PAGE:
The tracheal wall is so rigid that a small amount of tissue usually must be excised to allow space for emergence of the T tube sidearm. This tissue provides a specimen for histologic examination. In one patient, a few large nodules were removed from the opened trachea with a pituitary rongeur. The long linear tracheotomy is easily approximated with interrupted 4-0 Vicryl sutures, as the lateral walls hinge outward like a book's covers (see Figures 32-5C-E).
A sternohyoid muscle pedicle, inferiorly based, is turned caudad and sutured over the tracheal incision inferior to the T tube sidearm (see Figure 32-4C). Both sternohyoid muscles may be required for this length of incision. The sternothyroid muscles may be approximated to cover the upper tracheal incision superior to the T tube sidearm.
The splinting T or T-Y tube is left in place for 4 to 6 months, with usual T tube care. The silicone rubber tube is then extracted under general anesthesia, with a ventilating rigid bronchoscope positioned through the vocal cords just above the tube. The airway is carefully inspected with a Hopkins telescope. I prefer to leave a capped stomal cannula (Montgomery) in place to maintain a tracheostomy channel until it is certain that the patient continues to enjoy a good airway. After about a month, during which the patient has been able to tolerate the cannula capped, it is removed and the stoma allowed to heal. Periodic broncho-scopic follow-up is advised, at least for a number of years. Patients with TPO produce quite an amount of mucoid secretions, which continues after airway obstruction is relieved. They are better able to clear secretions, however, because effective cough is possible. Only 4 patients have been seen with sufficiently severe obstruction to require reconstruction. In 3 patients, the procedure was successful. In 2 patients, follow-up has been over a period of many years (see Figures 14-22E, 14-23C in Chapter 14, "Infectious, Inflammatory, Infiltrative, Idiopathic, and Miscellaneous Tracheal Lesions") and over 3 years in the third patient. The fourth patient, who had difficulty after extraction of the T tube, disappeared from follow-up. Although experience is limited, I believe that the operation can be recommended.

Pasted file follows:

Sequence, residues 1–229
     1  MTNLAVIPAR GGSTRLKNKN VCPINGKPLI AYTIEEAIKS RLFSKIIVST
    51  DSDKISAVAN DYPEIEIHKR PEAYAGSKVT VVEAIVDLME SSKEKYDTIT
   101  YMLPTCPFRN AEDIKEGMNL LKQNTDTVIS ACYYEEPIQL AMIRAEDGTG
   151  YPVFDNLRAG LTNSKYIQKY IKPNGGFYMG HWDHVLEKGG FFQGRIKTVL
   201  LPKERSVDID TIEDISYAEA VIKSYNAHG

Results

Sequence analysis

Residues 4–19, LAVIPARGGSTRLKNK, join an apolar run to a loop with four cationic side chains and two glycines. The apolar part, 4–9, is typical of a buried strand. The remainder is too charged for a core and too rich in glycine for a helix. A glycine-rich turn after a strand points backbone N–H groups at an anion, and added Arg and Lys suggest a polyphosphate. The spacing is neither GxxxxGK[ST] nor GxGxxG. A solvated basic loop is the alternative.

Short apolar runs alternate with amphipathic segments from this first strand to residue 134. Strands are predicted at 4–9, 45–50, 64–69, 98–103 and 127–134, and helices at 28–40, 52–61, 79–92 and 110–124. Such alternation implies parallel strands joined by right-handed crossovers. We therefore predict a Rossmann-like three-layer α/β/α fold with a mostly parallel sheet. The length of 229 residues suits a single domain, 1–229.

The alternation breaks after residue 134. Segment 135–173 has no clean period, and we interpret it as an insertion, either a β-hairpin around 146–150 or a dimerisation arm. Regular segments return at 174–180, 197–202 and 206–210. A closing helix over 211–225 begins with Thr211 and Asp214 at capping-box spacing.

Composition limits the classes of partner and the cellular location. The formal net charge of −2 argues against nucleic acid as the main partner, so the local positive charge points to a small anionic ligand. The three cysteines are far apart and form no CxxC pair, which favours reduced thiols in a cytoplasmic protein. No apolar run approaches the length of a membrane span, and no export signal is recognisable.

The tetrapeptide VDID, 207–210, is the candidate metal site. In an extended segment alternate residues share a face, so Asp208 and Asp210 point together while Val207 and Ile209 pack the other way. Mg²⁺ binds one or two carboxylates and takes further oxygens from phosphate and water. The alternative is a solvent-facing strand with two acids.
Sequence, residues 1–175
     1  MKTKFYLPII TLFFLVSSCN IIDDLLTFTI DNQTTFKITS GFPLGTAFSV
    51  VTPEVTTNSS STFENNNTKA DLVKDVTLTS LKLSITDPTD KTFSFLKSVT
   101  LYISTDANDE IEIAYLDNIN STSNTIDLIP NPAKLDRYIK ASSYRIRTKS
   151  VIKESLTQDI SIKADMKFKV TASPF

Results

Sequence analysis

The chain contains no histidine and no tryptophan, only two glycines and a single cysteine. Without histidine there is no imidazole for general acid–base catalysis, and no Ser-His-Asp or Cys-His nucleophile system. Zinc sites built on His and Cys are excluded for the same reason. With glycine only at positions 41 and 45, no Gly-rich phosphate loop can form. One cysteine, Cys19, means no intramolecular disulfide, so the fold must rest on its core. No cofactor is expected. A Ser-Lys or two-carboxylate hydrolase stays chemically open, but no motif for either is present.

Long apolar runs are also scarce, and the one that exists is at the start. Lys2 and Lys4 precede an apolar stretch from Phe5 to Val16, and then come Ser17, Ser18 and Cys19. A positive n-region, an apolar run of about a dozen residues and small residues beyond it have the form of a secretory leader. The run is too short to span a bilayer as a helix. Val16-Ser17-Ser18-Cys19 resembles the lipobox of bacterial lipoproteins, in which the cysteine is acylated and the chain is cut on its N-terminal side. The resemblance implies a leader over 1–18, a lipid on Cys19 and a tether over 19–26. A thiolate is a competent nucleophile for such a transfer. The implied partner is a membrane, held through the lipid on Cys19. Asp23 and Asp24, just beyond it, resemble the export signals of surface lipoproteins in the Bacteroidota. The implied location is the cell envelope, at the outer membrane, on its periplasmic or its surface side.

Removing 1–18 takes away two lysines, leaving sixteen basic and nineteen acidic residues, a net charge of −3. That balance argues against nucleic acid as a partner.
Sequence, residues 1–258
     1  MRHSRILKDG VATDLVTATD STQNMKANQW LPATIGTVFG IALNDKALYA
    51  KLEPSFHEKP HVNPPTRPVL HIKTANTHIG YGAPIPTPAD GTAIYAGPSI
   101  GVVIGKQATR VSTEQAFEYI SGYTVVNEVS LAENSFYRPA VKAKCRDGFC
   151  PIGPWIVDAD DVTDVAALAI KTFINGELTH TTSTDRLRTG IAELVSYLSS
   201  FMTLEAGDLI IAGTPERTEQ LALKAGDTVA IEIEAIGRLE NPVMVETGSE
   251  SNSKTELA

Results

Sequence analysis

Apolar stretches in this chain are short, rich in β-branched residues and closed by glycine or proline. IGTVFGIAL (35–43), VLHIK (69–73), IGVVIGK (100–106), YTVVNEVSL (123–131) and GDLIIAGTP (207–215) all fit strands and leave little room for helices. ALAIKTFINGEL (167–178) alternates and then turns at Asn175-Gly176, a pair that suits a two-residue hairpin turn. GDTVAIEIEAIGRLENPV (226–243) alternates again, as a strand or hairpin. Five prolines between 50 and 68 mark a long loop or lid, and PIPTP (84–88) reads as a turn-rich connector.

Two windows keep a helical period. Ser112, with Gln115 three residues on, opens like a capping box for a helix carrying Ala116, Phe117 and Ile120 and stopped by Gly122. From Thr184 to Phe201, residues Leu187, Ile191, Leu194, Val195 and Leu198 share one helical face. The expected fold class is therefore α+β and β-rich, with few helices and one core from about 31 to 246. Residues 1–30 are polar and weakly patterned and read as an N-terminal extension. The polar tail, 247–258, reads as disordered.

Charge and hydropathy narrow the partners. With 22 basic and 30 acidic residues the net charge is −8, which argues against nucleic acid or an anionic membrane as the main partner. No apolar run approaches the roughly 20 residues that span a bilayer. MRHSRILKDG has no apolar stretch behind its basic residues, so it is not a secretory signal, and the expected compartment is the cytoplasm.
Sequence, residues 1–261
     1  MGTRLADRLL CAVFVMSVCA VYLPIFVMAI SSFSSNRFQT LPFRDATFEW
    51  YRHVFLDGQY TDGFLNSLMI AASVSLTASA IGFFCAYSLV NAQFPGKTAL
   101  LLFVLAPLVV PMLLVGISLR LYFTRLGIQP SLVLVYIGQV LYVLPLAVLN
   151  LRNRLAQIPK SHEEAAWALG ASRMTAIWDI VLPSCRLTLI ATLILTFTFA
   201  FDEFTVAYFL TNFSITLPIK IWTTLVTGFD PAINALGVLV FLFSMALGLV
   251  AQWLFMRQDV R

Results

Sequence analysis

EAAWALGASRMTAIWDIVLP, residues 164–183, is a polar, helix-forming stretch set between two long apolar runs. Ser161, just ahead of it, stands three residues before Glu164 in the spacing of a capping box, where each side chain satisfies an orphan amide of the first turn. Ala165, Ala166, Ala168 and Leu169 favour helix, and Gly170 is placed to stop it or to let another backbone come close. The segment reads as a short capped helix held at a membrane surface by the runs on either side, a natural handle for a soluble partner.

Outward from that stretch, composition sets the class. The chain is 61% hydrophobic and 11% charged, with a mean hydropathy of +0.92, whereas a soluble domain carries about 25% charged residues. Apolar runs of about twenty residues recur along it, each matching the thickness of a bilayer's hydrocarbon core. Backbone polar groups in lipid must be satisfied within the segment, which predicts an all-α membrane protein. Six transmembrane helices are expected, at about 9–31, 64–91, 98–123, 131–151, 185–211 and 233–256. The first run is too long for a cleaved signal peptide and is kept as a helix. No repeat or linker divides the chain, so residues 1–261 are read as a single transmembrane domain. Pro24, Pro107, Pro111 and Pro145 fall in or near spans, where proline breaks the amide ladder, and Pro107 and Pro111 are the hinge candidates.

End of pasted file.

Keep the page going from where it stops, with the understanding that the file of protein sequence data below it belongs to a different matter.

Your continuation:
We encountered TPO in the main bronchi in 1 patient, severe enough to require bronchoplasty as well as tracheoplasty. Both main bronchi were incised and a previously prepared T-Y tube was inserted. Access to the entire left main bronchus was obtained by opening the pericardium anteriorly and then posteriorly lateral to the aorta, after division of the ligamentum arteriosum. The recurrent laryngeal nerve was carefully preserved. No difficulty was encountered in suturing the bronchi closed over a T-Y tube. Thymic lobes were used to cover bronchial suture lines. In a very rare case of tracheal TPO with only segmental tracheal involvement, limited tracheal resection and reconstruction has been done. References to stented tracheoplasty and to segmental resection for TPO are noted in Chapter 14, "Infectious, Inflammatory, Infiltrative, Idiopathic, and Miscellaneous Tracheal Lesions." Modified lateral slide tracheoplasty has also been employed in an instance of segmental narrowing, but T tube tracheoplasty as I have described seems a simpler solution.1